The adobe courthouse was built in 1878. Timber for the roof and floors was carted from the forests of northern Arizona. The courtroom, judge’s office, sheriff’s office, and jail occupied the first floor. The second floor served as a jury room and quarters for visiting lawyers. In less awkward times, the courthouse was the place for dances and social gatherings.

When a larger courthouse was built in 1891, the adobe building became the county hospital. It then served as a museum. In 1974, former Arizona Governor Ernest McFarland purchased the building and donated it to Arizona State Parks.

The park closed in late 2008 so the old structure could be stabilized, and state budget cuts kept it closed until early 2011. Arizona State Parks partnered with Florence and the Main Street program , which now manages the installation. It serves as Florence visitor center.

McFarland takes a walking tour of the historic downtown Florence district. Founded in 1866, Florence is one of Arizona’s oldest cities and one of the best preserved. Adobe houses are interspersed with elegant Victorian homes and early 20th century commercial structures. Pick up a map for a 1.4-mile walk that winds through Florence’s colorful past.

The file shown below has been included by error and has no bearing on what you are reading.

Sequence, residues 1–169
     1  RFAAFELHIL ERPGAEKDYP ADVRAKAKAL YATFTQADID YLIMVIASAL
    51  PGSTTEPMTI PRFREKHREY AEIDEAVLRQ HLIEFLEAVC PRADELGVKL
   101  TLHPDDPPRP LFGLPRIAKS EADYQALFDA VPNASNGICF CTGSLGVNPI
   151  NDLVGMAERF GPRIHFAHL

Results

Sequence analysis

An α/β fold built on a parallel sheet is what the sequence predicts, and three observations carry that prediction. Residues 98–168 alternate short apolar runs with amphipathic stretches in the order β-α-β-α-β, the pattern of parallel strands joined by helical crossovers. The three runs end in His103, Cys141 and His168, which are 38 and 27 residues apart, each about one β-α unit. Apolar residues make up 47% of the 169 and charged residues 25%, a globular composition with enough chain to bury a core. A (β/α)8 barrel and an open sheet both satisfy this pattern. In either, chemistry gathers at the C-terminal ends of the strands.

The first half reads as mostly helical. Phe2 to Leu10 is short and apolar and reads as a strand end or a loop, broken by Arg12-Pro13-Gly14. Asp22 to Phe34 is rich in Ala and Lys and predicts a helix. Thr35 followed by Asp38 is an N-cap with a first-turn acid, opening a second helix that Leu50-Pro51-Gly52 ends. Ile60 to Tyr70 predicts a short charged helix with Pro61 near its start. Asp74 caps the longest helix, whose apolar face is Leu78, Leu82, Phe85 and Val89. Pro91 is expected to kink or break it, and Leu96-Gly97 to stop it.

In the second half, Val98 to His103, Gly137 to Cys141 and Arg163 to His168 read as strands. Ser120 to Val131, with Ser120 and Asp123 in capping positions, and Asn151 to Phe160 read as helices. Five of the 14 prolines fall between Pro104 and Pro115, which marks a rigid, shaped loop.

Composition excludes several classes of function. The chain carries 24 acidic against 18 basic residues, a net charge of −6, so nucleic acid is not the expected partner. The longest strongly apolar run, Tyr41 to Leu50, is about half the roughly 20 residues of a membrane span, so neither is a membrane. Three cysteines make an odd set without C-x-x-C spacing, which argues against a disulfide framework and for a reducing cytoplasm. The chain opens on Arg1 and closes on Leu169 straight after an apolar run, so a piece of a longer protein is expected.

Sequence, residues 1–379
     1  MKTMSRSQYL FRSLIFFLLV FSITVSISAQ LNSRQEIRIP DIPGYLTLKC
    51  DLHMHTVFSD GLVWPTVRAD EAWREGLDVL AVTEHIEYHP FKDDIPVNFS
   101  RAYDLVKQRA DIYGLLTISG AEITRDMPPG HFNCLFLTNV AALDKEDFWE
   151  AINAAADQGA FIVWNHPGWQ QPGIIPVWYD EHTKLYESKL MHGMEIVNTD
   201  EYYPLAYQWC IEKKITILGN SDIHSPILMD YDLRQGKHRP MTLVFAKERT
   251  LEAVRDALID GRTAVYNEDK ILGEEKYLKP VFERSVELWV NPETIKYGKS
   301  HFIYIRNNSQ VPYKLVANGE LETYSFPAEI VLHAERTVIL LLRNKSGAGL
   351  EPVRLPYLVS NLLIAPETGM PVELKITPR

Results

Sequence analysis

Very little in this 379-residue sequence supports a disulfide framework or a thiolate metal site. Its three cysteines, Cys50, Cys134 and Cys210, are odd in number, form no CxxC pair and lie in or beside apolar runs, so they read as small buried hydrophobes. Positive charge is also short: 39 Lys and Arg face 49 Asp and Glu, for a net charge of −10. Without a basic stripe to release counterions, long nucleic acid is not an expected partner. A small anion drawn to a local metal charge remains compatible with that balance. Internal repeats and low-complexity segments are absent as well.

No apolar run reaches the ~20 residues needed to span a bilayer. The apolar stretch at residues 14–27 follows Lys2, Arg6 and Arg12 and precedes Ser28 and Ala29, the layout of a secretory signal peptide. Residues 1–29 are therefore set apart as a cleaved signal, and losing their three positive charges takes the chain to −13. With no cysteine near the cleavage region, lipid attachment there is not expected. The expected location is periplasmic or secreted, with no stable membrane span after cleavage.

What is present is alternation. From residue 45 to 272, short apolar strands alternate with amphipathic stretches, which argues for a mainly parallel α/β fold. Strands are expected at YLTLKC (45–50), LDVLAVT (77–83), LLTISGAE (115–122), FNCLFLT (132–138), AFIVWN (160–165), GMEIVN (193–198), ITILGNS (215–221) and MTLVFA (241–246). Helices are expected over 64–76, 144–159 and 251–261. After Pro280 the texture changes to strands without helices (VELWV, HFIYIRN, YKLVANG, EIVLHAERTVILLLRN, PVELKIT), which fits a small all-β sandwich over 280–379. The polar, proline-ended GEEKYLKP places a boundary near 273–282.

Details: 24 W. Ruggles Street, Florence. 520-868-5216,

– Roger Naylor, Special for The Republic

Sharlot Hall Museum

Writer and poet Sharlot Hall was appointed Territorial Historian in 1909, becoming Arizona's first woman to hold a Territorial office.

Sharlot Hall was a frontier poet who was appointed Territorial Historian in 1909, making her the Arizona Territory’s first female public servant. She founded the museum in 1928.

The museum is a pioneer village centered on the original Governor’s Mansion, built in 1864. Buildings open to visitors also include the Fremont House, the relocated home of Fifth Territorial Governor John Charles Fremont, and the Ranch House and School House, replicas that give tourists a feel for the tight quarters shared by Arizona pioneers.

The Sharlot Hall building houses exhibits on mining, ranching and firefighting during Territorial Days, as well as a cultural history of the Yavapai Prescott Indian tribe.

Details: 415 W. Gurley Street, Prescott. 928-445-3122,

– Roger Naylor, Special for The Republic

Bisbee Mining & Historical Museum

Visitors to the Bisbee Mining & Historical Museum can learn about the men who blasted, drilled and mined over 2,000 miles of tunnels in the surrounding mountains.

You’ll see what life was like in Bisbee when it was a busy mining camp in the late 18th and early 19th centuries. The museum, affiliated with the Smithsonian Institute, takes you inside a mine (via a realistic display) that gives visitors a little taste of the narrow limits miners face every day.

You’ll also see parts of the massive machinery that dug the nearby Lavender Pit, a 900-foot-deep crater from which 600,000 tons of copper was mined.

Be sure to ask the docents for the massive wall-sized photo of a turn-of-the-century parade in downtown Bisbee. They will highlight some otherwise unnoticed details of how people lived and dressed in the heyday of the city.

Details: No.5 Copper Queen Plaza, Bisbee. 520-432-7071,

– Scott Craven, The Republic